He has left the trellised isle,
Left the harvest vat awhile,
Left the Maenads of his troop,
Left his Fauns’ midsummer group
And his leopards far behind,
By lone Dia’s coast to find
Her whom Theseus dared to mock.
Queenly on the samphire rock
Ariadne sits, one hand
Stretching forth at Love’s command.

Love is poised above the twain,
Zealous to assuage the pain
In that stately woman’s breast ;
Love has set a starry crest
On the once dishonoured head ;
Love entreats the hand to wed,
Gently loosening out the cold
Fingers toward that hoop of gold
Bacchus, tremblingly content
To be patient, doth present.

In his eyes there is the pain
Shy, dumb passions can attain
In the valley, on the skirt
Of lone mountains, pine-begirt ;
Yearning pleasure such as pleads
In dark wine that no one heeds
Till the feast is ranged and lit.
But his mouth—what gifts in it !
Though the round lips do not dare
Aught to proffer, save a prayer.

Is he not a mendicant
Who has almost died of want ?
Through far countries he has roved,
Blessing, blessing, unbeloved ;
Therefore is he come in weed
Of a mortal bowed by need,
With the bunches of the grape
As sole glory round his shape :
For there is no god that can
Taste of pleasure save as man.

I had not heard of this particular poet and so set about doing further research. The facts came to light quite readily.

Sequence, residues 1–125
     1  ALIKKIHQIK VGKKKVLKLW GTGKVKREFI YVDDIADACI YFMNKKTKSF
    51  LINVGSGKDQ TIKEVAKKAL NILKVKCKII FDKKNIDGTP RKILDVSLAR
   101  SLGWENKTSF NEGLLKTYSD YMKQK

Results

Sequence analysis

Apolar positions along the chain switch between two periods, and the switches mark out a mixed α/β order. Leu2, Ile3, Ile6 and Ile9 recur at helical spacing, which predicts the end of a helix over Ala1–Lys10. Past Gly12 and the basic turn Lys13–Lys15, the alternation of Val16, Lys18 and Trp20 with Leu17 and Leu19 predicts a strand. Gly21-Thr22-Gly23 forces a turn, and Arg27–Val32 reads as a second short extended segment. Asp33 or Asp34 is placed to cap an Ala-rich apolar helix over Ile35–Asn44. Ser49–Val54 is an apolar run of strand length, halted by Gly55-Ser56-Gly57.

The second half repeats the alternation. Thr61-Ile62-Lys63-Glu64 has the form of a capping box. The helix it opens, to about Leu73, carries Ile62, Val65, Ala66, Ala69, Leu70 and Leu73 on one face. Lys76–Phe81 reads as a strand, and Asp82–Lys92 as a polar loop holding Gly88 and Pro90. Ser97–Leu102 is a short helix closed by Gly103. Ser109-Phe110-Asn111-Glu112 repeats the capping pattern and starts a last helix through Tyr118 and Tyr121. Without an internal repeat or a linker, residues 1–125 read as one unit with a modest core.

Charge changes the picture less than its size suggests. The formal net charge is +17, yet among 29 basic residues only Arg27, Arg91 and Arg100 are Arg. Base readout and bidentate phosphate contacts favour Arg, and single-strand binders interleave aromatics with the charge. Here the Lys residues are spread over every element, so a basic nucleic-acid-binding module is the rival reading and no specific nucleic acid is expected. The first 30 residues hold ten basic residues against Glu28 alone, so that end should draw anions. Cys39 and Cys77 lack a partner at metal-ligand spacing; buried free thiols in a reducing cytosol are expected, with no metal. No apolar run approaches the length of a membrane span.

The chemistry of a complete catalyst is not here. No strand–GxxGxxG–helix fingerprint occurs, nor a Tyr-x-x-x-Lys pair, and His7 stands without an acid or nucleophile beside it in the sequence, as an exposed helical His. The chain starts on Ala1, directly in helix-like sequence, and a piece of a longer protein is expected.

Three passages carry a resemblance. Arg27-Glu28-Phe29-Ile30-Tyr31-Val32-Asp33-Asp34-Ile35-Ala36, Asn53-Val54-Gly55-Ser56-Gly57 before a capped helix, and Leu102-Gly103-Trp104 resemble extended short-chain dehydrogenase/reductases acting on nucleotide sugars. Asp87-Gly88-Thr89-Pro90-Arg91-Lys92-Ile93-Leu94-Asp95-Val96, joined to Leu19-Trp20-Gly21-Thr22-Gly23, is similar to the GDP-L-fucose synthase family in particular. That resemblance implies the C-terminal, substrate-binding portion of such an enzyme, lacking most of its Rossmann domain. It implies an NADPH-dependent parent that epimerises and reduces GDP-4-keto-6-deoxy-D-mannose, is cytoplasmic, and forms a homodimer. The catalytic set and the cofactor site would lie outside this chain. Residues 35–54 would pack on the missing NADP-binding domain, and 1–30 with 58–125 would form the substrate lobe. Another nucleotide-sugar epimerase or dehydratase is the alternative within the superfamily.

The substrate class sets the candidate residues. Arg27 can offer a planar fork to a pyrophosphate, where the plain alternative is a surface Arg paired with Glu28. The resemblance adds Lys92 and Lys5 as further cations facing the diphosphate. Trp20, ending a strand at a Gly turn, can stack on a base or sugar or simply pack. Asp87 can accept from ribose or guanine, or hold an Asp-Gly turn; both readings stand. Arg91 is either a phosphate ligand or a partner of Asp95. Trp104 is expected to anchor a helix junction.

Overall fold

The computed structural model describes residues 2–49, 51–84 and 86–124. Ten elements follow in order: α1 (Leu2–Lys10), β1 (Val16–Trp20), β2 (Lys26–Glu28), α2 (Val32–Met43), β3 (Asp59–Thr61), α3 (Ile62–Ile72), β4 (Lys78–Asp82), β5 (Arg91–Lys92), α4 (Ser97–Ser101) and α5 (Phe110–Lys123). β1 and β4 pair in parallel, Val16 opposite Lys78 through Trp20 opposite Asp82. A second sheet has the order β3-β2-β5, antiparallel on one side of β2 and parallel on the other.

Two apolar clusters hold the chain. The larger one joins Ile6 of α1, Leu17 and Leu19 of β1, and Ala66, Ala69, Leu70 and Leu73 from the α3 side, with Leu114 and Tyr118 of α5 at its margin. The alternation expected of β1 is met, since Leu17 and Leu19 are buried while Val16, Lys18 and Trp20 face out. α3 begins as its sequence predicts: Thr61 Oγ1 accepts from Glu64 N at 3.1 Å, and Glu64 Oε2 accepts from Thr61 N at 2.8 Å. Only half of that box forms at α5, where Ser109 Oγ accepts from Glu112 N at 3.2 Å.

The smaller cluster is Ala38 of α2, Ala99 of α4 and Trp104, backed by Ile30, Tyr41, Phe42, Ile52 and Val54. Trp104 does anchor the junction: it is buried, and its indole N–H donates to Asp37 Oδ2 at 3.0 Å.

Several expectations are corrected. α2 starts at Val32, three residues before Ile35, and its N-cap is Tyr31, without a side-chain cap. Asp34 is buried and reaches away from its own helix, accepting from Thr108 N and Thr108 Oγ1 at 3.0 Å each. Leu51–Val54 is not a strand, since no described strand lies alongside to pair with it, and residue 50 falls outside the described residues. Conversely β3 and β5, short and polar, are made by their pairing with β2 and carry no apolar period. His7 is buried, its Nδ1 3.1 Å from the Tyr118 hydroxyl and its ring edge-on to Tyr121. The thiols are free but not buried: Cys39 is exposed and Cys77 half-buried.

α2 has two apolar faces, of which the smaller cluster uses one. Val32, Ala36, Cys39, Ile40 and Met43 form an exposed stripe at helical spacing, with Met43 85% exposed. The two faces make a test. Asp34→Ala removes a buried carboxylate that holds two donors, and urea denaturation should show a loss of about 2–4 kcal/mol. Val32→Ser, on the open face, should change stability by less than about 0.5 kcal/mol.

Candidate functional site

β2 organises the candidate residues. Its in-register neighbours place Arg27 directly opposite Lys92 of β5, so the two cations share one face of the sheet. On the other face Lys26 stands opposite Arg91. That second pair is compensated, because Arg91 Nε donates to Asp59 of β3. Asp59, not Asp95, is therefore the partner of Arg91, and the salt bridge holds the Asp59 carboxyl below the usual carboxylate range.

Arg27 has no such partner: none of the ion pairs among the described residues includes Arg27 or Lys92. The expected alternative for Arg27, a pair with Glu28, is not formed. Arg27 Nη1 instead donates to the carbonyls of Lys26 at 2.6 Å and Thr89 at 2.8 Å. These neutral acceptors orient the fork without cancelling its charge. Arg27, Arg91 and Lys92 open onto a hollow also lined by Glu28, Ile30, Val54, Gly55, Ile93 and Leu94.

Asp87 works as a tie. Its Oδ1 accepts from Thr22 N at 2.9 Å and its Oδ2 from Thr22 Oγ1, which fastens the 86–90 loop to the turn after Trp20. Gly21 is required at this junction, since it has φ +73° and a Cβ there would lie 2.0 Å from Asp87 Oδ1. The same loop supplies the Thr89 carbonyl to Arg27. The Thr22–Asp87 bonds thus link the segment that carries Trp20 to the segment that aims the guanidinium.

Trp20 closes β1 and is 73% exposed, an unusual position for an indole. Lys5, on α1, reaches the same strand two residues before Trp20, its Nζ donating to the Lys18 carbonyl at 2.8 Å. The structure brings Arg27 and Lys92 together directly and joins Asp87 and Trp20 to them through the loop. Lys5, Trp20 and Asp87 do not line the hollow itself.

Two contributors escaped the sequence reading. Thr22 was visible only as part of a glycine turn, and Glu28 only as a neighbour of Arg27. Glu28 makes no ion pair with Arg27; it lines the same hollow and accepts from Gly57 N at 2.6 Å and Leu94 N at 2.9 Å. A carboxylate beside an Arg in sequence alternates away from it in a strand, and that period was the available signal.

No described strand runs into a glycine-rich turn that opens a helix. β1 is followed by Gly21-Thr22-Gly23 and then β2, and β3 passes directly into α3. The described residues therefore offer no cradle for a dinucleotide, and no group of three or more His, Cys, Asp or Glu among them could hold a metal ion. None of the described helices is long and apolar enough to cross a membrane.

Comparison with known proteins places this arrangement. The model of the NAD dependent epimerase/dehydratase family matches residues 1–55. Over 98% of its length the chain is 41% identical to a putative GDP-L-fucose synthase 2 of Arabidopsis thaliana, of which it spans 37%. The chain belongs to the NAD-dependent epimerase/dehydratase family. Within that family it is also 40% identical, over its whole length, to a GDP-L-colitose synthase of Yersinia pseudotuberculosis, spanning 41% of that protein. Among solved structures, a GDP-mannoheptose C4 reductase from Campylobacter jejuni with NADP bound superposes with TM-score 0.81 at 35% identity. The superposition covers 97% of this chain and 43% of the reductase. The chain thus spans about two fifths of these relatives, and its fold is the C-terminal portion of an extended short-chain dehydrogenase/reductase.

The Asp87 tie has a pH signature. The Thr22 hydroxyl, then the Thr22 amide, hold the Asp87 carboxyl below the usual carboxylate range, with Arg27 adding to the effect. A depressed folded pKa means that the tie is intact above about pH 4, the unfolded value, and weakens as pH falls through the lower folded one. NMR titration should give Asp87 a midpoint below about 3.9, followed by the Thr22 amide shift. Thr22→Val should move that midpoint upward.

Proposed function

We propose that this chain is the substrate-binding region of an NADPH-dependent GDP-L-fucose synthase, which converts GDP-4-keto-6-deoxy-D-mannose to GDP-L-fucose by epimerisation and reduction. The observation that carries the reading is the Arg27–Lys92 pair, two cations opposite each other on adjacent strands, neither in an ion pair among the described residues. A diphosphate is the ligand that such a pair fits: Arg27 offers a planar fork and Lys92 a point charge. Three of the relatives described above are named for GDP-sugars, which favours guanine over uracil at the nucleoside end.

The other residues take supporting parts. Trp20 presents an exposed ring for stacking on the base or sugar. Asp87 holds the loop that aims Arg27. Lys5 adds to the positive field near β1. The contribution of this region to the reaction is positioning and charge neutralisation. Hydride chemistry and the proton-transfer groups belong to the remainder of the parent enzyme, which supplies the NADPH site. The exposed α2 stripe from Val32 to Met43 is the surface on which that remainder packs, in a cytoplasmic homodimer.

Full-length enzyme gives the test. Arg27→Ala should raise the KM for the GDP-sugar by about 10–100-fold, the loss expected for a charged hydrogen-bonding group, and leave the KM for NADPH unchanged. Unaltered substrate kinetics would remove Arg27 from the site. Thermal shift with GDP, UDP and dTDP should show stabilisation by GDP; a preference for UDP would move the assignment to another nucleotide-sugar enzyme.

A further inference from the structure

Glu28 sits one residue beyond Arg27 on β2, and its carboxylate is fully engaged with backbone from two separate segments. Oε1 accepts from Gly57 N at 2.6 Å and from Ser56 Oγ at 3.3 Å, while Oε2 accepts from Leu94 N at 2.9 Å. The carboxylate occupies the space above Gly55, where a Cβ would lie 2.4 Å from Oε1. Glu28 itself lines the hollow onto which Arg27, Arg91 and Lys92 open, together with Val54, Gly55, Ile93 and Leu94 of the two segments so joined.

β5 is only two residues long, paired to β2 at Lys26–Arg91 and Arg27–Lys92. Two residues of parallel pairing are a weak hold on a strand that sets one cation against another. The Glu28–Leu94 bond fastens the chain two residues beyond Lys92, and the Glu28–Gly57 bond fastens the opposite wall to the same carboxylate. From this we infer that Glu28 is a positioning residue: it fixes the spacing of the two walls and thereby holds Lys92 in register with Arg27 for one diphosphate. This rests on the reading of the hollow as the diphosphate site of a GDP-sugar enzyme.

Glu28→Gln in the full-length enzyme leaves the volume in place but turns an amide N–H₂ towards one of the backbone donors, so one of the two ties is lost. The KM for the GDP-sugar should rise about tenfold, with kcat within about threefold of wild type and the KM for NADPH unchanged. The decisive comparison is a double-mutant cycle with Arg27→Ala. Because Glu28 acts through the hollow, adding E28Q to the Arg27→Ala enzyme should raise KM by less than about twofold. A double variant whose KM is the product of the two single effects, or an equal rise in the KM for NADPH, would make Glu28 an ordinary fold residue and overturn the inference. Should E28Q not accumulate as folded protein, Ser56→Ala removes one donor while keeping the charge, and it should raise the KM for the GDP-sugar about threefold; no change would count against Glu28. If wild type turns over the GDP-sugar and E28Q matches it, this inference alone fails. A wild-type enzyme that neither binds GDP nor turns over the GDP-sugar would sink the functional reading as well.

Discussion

This is Michael Field:

Under this pseudonym, Katherine Harris Bradley (1846-1914), left, and her niece and ward Edith Emma Cooper (1862-1913) published numerous works of poetry and drama and kept a lengthy journal entitled Works and Days. More information on these two can be found on Wikipedia and on the Poetry Foundation site.

For me, one of the chief joys of the internet consists in discovering unexpected linkages like this.

And never fear – There’s more Tintoretto to come…

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Best of 2018, Four: Nonfiction, part two

December 27, 2018 at 2:03 pm (Art, Best of 2018, Book review, books, Poetry)

So I’m getting ready to divide my 2018 nonfiction reading into neat categories, and I run into trouble right away. Some of these books are hard to pigeonhole: they’re sort-of biographies, sort-of true crime – was there actually a crime? – and, well, you get the idea.

  The only more or less conventional biography I read this year was Gainsborough: A Portrait, by James Hamilton. As is the case with the most engaging biographies, the life of this distinguished  artist was set vividly within the context of his times.